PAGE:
Physical activity and incidence of subclinical and clinical pregnancy loss: a secondary analysis in the Effects of Aspirin in Gestation and Reproduction randomized trial

In this longitudinal study, higher levels of physical activity are related to increased risk of subclinical loss but not clinical pregnancy loss.

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Volume 113, Issue 3, Pages 601–608.e1

Authors:

Lindsey M. Russo, M.S., Brian W. Whitcomb, Ph.D., Joshua R. Freeman, M.S., Sunni L. Mumford, Ph.D., Lindsey A. Sjaarda, Ph.D., Neil J. Perkins, Ph.D., Karen C. Schliep, Ph.D., Jagteshwar Grewal, Ph.D., Robert M. Silver, M.D., Enrique F. Schisterman, Ph.D.

Abstract:

Objective

To estimate the association between physical activity and risk of subclinical and clinical pregnancy loss among women with a history of pregnancy loss.

Design

Prospective cohort study as a secondary analysis of the Effects of Aspirin in Gestation and Reproduction randomized controlled trial of preconception-initiated low-dose aspirin among women with one or two prior pregnancy losses.

Setting

Four U.S. clinical centers, 2007–2011.

Patient(s)

Women with confirmed pregnancy (n = 785) as determined from hCG testing in longitudinally collected biospecimens.

Main Outcome Measure(s)

Subclinical loss of pregnancy detected only by hCG testing and clinically recognized loss.

Result(s)

Among 785 women (mean [SD] age, 28.7 [4.6] years) with an hCG-confirmed pregnancy, 188 (23.9%) experienced pregnancy loss. In multivariable models adjusted for confounders, compared with the first tertile of physical activity (median = 7.7 metabolic equivalent of task hours/week), there was a roughly twofold higher risk of subclinical loss in the second (risk ratio = 2.06; 95% confidence interval, 1.03–4.14) and third tertiles (risk ratio = 1.92; 95% confidence interval, 0.94–3.90), with median metabolic equivalent of task hours/week of 27.8 and 95.7, respectively. No relations were observed between physical activity and clinically recognized loss.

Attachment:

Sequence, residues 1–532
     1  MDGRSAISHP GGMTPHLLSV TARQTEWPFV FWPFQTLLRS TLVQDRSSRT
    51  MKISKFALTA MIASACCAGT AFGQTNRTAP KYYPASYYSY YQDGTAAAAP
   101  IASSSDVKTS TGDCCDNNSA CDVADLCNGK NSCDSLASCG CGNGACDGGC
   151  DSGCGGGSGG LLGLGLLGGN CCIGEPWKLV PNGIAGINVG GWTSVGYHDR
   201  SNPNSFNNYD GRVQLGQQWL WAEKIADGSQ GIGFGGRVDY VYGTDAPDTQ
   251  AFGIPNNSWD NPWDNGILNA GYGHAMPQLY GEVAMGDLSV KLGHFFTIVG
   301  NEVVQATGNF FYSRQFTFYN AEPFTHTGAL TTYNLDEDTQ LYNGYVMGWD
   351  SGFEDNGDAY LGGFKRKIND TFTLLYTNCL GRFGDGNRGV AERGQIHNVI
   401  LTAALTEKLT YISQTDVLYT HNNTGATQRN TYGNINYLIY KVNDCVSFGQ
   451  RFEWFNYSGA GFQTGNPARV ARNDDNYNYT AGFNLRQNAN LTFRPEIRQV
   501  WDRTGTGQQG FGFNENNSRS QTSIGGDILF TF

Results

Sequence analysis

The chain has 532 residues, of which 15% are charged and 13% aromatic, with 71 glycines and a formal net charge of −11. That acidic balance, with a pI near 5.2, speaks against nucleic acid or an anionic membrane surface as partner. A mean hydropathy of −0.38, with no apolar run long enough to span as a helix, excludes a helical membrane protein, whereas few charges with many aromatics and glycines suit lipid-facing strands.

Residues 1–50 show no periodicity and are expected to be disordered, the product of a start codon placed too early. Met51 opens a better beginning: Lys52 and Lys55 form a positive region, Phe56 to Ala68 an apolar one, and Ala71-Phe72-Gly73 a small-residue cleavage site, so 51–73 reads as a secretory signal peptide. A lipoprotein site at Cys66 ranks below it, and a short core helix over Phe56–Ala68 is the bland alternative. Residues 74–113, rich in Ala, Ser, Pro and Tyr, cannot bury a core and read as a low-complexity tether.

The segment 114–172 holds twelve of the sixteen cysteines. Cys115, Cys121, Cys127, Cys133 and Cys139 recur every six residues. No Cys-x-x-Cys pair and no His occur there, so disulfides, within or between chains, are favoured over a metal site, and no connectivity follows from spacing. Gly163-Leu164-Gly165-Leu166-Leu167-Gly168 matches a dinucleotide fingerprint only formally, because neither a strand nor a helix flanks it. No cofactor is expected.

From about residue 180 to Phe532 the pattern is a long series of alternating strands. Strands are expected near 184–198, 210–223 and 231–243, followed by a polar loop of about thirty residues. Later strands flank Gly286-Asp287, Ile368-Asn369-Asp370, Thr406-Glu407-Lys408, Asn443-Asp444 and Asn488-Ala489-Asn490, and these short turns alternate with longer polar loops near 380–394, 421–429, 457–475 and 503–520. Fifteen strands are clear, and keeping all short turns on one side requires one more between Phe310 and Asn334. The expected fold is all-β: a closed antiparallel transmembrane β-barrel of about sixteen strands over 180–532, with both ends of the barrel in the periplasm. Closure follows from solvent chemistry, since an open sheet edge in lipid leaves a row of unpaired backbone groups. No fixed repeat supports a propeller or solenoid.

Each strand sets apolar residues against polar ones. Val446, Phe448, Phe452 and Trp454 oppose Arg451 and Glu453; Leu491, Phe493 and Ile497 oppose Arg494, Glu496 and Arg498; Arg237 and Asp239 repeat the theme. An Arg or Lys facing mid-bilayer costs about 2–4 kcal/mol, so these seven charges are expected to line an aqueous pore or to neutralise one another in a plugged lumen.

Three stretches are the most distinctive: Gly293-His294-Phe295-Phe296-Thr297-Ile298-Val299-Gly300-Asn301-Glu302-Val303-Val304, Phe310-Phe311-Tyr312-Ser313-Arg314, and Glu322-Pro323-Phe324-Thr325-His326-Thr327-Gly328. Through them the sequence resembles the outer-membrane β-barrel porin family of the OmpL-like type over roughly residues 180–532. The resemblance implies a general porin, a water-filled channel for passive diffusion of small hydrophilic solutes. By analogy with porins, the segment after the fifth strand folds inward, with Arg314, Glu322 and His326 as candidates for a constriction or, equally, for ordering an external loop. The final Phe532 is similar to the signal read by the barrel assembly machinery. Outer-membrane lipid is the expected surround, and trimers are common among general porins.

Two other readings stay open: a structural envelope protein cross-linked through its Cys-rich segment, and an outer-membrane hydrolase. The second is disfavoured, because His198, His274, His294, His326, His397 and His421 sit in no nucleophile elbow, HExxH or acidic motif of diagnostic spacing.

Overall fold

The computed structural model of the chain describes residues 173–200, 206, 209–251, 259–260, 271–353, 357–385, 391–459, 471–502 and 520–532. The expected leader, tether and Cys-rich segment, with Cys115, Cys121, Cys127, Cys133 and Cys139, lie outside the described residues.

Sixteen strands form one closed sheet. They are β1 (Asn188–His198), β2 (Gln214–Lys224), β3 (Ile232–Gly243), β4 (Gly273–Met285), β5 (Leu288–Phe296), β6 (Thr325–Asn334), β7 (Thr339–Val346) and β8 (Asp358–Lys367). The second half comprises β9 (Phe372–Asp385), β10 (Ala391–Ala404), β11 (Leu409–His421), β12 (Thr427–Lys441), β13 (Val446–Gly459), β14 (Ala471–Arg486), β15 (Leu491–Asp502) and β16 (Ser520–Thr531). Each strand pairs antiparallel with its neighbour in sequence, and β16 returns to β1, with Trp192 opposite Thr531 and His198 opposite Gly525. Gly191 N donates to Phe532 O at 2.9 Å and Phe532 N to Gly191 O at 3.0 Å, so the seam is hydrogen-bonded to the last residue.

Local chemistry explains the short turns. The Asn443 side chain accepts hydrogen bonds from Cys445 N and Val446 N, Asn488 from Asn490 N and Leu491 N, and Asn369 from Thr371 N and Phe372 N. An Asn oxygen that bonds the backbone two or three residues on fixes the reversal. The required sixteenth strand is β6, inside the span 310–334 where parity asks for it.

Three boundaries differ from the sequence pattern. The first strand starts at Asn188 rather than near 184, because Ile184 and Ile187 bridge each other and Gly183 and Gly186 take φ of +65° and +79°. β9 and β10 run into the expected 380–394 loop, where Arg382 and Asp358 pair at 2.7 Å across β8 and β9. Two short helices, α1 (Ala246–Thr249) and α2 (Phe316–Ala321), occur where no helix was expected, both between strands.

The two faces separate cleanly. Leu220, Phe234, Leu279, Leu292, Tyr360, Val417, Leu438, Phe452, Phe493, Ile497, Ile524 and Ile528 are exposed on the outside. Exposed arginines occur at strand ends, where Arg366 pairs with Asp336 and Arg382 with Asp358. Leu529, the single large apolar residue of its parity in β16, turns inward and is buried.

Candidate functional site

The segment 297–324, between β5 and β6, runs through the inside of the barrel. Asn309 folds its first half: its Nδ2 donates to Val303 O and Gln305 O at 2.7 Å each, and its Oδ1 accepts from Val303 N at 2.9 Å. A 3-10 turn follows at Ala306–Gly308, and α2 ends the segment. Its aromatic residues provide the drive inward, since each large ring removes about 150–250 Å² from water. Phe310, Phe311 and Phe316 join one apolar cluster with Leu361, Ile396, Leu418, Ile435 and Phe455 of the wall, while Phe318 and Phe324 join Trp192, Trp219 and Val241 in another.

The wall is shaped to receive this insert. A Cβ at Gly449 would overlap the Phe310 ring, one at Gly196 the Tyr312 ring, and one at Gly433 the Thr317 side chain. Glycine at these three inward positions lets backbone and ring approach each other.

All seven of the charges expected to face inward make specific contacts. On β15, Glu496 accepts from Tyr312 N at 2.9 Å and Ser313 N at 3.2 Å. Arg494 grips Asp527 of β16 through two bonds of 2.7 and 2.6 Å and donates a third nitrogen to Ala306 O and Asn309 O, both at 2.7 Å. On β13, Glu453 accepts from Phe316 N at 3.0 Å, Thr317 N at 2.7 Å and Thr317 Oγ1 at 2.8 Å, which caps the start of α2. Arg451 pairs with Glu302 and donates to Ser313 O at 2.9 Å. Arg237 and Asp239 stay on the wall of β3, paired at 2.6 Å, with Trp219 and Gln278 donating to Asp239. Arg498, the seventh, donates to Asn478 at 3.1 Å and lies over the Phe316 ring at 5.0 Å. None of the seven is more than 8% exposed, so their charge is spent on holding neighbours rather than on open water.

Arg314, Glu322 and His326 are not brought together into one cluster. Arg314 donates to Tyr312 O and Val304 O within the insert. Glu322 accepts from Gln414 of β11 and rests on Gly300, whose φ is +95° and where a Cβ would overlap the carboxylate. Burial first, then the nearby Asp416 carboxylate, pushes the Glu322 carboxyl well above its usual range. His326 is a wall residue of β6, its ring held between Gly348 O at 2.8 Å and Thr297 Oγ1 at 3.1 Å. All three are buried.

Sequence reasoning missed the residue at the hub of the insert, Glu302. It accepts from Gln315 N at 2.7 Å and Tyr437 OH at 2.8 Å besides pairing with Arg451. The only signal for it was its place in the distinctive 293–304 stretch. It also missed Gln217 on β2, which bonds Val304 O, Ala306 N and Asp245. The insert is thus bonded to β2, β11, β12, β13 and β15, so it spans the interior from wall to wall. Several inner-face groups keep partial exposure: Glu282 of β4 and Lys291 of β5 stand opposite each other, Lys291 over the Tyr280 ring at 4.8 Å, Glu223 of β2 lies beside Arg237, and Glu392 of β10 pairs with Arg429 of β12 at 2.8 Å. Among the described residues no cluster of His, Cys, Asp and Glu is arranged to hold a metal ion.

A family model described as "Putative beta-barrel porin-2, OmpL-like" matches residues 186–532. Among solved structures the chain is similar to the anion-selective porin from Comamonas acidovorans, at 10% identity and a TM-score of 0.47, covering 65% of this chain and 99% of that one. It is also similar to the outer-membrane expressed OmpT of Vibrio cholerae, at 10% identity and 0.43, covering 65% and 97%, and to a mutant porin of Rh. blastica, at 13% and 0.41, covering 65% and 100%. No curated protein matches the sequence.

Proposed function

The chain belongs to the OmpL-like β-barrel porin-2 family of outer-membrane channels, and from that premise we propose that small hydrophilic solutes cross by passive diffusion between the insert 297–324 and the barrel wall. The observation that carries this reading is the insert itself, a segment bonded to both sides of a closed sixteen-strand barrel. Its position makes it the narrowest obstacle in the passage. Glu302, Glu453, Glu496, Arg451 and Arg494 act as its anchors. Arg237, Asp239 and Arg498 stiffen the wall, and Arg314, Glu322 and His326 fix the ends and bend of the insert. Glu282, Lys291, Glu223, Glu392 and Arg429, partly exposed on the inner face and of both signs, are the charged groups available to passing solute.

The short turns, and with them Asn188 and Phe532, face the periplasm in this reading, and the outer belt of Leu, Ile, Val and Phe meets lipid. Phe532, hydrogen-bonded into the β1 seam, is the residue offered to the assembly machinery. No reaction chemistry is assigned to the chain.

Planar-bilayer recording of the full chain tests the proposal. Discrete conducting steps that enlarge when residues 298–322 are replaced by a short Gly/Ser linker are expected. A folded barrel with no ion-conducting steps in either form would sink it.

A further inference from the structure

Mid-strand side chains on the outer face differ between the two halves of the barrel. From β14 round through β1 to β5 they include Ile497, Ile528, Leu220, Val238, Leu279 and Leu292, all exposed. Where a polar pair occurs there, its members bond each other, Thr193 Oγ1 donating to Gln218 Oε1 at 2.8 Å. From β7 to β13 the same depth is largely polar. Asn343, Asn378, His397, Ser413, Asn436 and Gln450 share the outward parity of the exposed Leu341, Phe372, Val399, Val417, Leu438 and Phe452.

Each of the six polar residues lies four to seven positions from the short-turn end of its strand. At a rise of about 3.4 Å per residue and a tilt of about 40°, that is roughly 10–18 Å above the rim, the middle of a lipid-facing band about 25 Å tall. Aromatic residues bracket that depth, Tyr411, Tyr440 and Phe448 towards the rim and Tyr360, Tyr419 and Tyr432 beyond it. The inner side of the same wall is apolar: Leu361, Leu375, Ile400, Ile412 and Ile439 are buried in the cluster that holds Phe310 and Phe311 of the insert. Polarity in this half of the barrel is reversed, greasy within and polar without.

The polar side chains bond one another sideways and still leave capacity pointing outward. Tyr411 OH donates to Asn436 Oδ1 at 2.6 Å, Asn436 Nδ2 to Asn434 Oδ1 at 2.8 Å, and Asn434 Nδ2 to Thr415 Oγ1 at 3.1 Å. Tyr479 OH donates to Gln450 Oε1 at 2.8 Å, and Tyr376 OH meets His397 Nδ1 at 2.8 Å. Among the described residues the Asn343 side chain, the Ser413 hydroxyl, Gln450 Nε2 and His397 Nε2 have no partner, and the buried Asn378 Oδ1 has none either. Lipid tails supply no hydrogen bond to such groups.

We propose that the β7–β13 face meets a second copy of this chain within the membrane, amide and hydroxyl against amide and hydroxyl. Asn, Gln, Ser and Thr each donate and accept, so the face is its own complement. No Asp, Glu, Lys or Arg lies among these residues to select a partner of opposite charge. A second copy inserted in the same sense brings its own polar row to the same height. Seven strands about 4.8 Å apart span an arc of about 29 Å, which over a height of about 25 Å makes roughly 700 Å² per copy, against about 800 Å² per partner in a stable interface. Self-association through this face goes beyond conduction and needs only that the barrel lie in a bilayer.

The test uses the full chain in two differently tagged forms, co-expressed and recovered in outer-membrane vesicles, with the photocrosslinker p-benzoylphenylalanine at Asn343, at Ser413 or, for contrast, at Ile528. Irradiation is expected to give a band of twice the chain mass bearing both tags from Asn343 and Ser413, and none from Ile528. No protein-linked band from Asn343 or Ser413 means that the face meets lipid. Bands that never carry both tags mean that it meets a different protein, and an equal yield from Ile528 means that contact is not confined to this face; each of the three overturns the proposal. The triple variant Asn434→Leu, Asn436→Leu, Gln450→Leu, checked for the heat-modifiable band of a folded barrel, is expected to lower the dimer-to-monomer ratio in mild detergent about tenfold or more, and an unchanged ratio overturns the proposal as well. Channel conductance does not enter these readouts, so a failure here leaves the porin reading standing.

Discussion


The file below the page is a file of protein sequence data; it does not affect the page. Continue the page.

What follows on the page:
Conclusion(s)

Risk related to physical activity is different for pregnancy failure close to the time of implantation compared with that for later, clinical pregnancy loss. Higher physical activity levels were associated with an elevated risk of subclinical loss (i.e., pregnancies detected only by hCG, n = 55); however, no relationship was observed with clinically recognized loss. Further work is required to confirm these findings, assess generalizability to women without prior losses, and evaluate mechanisms.

Ethical approval

Each participating center’s Institutional Review Board approved the study, and participants provided written informed consent. The trial was registered on ClinicalTrials.gov (NCT00467363), and a Data Safety and Monitoring Board provided oversight.



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Fertility and Sterility

Editorial Office, American Society for Reproductive Medicine

Fertility and Sterility® is an international journal for obstetricians, gynecologists, reproductive endocrinologists, urologists, basic scientists and others who treat and investigate problems of infertility and human reproductive disorders. The journal publishes juried original scientific articles in clinical and laboratory research relevant to reproductive endocrinology, urology, andrology, physiology, immunology, genetics, contraception, and menopause. Fertility and Sterility® encourages and supports meaningful basic and clinical research, and facilitates and promotes excellence in professional education, in the field of reproductive medicine.

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